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Hydraulic Jump Experiment

By: Haseeb Jamal / On: May 01, 2017 / Lab-Notes, Experiments

Objectives of the experiments:

  1. To create the hydraulic jump.

  2. To verify the questions of fluid flow.

  3. To determine the slatrility & characteristics of the hydraulic jump obtained in the lab using Impulse momentum & specific energy equations.

  4. To compare measured flow depths with theoretical results.

Theoretical background:

Hydraulic jumps are very efficient in dissipating the energy of the flow to make it more controllable & less erosive. In engineering practice, the hydraulic jump frequently appears downstream from overflow structures (spillways), or under flow structures (sluice gates), where velocities are height.

A hydraulic jump is formed when liquid at high velocity discharges into a zone of lower velocity only if the 3 independent velocities (y1, y2, fr1) of the hydraulic jump equation conform to the following equation:

Y2 = y1/2 [-1+√1+8Fr2 ]

Fr2 = 92/9y3


  • Glass walled flume with sluice gates & a spillway arrangement
  • Point gauges
  • Manometer & scales
  • Pump

Procedure for Hydraulic Jump Experiment:

  1. I started the pump to supply water to the flume.

  2. Then I closed the tail gate to allow water to accumulate and to develop hydraulic jump.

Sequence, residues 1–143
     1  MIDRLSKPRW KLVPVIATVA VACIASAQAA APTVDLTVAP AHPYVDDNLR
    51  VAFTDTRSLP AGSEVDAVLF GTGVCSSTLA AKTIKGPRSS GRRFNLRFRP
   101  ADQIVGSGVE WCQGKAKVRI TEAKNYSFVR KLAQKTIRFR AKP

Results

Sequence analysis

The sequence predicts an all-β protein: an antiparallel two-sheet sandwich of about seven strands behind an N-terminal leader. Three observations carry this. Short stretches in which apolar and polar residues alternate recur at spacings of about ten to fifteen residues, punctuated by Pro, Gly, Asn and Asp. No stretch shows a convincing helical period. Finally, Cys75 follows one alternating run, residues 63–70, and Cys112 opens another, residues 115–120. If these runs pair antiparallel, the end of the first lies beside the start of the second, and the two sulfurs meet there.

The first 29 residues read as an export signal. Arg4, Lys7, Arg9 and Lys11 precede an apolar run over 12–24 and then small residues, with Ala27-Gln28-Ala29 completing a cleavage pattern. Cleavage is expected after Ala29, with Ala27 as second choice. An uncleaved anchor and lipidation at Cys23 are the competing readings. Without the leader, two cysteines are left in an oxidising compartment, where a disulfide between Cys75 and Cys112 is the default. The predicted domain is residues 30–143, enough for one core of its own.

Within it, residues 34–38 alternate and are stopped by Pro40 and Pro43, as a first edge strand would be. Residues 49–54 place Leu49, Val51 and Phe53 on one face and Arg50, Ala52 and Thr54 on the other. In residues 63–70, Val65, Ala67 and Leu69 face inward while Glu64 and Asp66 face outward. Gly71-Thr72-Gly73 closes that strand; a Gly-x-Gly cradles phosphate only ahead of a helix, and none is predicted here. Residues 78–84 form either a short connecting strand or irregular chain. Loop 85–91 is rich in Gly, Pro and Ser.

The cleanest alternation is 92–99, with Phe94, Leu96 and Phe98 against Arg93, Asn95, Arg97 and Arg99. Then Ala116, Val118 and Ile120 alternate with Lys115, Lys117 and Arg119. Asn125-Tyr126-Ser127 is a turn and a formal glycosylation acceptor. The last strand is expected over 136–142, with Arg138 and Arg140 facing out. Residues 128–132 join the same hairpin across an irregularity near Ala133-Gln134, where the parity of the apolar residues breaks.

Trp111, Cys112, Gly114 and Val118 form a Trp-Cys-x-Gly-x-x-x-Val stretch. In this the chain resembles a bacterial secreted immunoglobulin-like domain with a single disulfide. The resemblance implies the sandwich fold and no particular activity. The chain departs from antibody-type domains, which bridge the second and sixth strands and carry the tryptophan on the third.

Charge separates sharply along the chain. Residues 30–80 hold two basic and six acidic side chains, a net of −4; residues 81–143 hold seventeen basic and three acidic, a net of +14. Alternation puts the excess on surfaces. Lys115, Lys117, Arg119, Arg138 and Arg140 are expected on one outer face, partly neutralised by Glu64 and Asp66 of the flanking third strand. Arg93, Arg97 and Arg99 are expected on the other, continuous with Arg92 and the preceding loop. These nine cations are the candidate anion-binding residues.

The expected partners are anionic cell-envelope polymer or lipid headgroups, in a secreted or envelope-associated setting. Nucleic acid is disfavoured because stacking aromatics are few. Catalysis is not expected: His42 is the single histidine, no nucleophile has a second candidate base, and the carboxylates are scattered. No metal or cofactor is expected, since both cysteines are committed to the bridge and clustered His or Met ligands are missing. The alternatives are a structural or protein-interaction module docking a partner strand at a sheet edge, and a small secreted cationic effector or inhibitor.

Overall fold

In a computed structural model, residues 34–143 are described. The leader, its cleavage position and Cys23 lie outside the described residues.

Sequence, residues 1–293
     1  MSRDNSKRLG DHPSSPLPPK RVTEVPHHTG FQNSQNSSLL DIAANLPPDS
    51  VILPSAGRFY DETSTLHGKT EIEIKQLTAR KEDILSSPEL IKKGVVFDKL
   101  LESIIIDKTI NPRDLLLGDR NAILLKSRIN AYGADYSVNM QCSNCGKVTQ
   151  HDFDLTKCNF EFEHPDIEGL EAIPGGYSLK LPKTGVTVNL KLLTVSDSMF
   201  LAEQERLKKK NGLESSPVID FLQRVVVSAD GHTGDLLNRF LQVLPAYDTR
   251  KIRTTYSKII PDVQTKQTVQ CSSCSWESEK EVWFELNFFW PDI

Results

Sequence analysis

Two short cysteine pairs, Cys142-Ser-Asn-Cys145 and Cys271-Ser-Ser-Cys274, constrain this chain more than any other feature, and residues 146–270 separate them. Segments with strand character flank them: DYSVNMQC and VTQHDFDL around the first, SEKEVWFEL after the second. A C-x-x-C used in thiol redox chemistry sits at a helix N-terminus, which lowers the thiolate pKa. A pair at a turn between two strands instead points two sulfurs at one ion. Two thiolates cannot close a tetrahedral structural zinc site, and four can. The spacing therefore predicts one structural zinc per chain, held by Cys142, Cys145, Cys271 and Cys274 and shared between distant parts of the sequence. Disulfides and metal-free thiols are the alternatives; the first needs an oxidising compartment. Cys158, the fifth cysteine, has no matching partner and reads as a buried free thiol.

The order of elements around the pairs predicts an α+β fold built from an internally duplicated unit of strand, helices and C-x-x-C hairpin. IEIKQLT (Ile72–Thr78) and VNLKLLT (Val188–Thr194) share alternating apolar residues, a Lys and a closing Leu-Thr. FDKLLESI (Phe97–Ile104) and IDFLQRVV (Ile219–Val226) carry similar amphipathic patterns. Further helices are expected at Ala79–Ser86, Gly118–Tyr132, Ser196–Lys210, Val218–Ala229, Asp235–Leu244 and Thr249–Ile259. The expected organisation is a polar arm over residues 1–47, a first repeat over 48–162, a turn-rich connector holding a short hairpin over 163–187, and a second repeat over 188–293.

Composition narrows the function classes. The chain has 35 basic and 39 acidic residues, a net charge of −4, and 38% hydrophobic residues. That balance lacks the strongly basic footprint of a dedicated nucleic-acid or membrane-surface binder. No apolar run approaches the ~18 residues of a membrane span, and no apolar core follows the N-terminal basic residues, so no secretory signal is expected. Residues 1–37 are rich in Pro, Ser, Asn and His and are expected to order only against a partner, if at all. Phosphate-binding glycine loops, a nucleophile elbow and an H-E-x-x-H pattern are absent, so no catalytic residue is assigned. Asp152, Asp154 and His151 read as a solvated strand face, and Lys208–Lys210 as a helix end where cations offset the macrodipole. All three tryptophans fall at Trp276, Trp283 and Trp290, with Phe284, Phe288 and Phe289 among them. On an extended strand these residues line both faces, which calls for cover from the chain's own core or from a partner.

3. I adjusted the position of the hydraulic jump by adjusting the amount of closure of slvice gate.

  4. I then measured the depth of the bed of flume by using a point gauge.

  5. In the next step , I measured water surface level before it had crossed the spillway.

  6. Then I measured height of spillway & the depth of water over the spillway.

  7. Using the point gauges I then determined the water surface levels downstream of the jump.

  8. Then I measured y1 & y2.

  9. I repeated the measurement steps again for a different flowchart.


S.No Hm(m) Y1(mm) Y2(mm) Lj(m) H(mn) H1(mn) H2
1 0.8 342 46 2 6.5 24 106 0.45

Sources of errors:

Human errors:

  1. Errors occurred during measurements i.e. by taking erroneous reading of depths or in micrometer.
  2. Errors occurred in operation of sluice gates.

Instrumentation error:

  • Leakage from the flume
  • Assumptions of ideal conditions did not prevail:
  • Ideal conditions which prevailed in the theoretical equations were not there and frictional forces also had some effect on the experiment.

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